Ron Paul was the messenger. The Ron Paul Revolution since it started in 07-08 has overall seemed to be the most intact and committed American movement in decades or even much longer, while it has clearly hit some bumps in the road and blows to morale. But the Liberty Movement remains strong, with our local movement still holding the majority of the Clark County Republican Party, and most recently scoring some big wins at the state level. At the last meeting, as I reported recently, we condemned Agenda 21 and the RNC rule changes used against us and put the delegate binding rules into question, and now an anti-NDAA bill created by members of PANDA (People against the NDAA) has been sent to the state legislature, the Nevada Liberty Preservation Act, which would restore the right of due process to Nevadans. I’ve been fortunate enough to know the liberty lovers responsible for drafting all these, and be a part of this grassroots movement that is paving our future. And we’re going to keep penning new legislation to change how our system works, with the foundation of liberty, and we will not stray.
A new small group that aims to become larger, the Nevada Liberty Caucus, is going to push for this cause, and our mission statement is “To restore the Constitutional Republic of the United States of America through education, legislation, support of candidates and activation of the liberty base.” We are going by the principles of the rest of the Liberty Movement, and are going to push to reach not just government, but a critical mass of the general populous, as this is surely also taking place throughout the country. The seeds have definitely been planted, and as with the formation of our country, “It doesn’t take a majority; it takes an irate minority willing to start the brush fires of freedom.”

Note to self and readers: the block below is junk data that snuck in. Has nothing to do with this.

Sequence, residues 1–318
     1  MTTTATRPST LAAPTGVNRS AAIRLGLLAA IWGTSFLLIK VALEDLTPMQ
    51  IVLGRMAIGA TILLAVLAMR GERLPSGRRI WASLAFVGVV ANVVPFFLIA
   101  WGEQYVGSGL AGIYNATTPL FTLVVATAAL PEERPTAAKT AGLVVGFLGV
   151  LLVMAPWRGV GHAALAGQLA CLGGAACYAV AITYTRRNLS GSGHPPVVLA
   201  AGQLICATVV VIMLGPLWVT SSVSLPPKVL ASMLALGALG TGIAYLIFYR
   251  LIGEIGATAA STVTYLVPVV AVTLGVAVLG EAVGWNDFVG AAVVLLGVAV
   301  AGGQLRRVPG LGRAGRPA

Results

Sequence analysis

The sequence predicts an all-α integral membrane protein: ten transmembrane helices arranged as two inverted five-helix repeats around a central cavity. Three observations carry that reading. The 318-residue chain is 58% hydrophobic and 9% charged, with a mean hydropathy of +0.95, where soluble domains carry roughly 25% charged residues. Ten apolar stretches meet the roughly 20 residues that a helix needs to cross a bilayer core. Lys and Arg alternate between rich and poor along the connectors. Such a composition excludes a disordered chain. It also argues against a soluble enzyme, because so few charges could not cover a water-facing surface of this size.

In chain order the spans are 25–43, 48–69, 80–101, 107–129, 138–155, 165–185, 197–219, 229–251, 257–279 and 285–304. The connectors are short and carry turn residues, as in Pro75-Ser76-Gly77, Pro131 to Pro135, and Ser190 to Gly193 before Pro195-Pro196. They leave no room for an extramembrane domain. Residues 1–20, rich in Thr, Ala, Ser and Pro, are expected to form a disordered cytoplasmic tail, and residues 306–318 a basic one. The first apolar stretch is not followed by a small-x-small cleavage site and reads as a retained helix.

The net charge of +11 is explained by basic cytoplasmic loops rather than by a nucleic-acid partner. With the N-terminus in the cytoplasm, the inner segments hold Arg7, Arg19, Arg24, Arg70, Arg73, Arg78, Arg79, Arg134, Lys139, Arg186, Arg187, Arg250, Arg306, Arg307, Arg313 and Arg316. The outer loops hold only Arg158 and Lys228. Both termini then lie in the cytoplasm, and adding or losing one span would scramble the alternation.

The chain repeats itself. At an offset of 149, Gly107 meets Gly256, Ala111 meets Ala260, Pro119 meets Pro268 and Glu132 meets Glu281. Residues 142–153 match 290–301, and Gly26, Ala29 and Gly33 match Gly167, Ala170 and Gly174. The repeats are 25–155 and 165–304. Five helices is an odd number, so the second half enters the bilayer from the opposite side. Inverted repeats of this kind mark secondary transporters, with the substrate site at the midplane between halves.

By appealing to and having leverage over powerful establishment Republicans (such as Mitch McConnell of Kentucky, Rand Paul’s state), liberty defenders holding office have the best chance possible to take power in the next few years. We can truly get our people in the most powerful positions in the country by 2016, and finally start taking our freedoms back. We can also change the Republican Party platform, as has already happened in numerous states, to one of liberty. If the status-quo Republicans keep refusing to evolve, they will fade into obscurity. And unlike what they did to us, we will not disenfranchise them and make them feel completely unwelcome. Instead, we will welcome all ideas and give everyone an equal chance.
As the leaders of a “new” party we shall be mature and embrace everyone who wants a free society. We will not exclude people who make personal choices that go against our moral preferences, such as drug use and gay rights, since those do not inherently harm others. As Ron Paul said (which got booed at an early Republican debate), we shall abide by the Golden Rule: Treat others as you would want to be treated. Also, as our new Nevada Liberty Caucus group platform states, we will never initiate force, coercion, or fraud in order to accomplish social or political goals. It’s very simple. Don’t initiate violence, and treat others the way you want to be treated.
It became clear with this last election that more and more people are tired of the two-party system. An increasing number of people were saying they didn’t like either presidential candidate, and many seemed to have realized that they were practically identical. It’s all become a joke and a fight to quench our verbal blood thirst and to make typical Americans feel intellectual, knowing our intellectual appetite is increasing or returning, but it’s all through the filter of our false left-right paradigm and perpetual war, now seemingly perpetual collapsing economy based on our fiat money system, and so on.
It’s also become clear that people trust and watch the mainstream media less than ever, as they push hard as ever. Gladly, we have the very rare journalist that has complete integrity and gives straight truth, like the hard-hitting investigative journalist Ben Swann, but this is too rare. Alternative media is growing and the internet has become the top source of information. We need to keep up this trend and make sure we filter out all the distractions and b.s., as of course alternative media could have as much disinformation as the mainstream media. But the mainstream’s agenda is clear: push for the establishment candidate/industry/ideology. This megalithic and soon-to-be-paleolithic industry is facing its end unless it embraces the truth, which doesn’t seem likely anytime soon.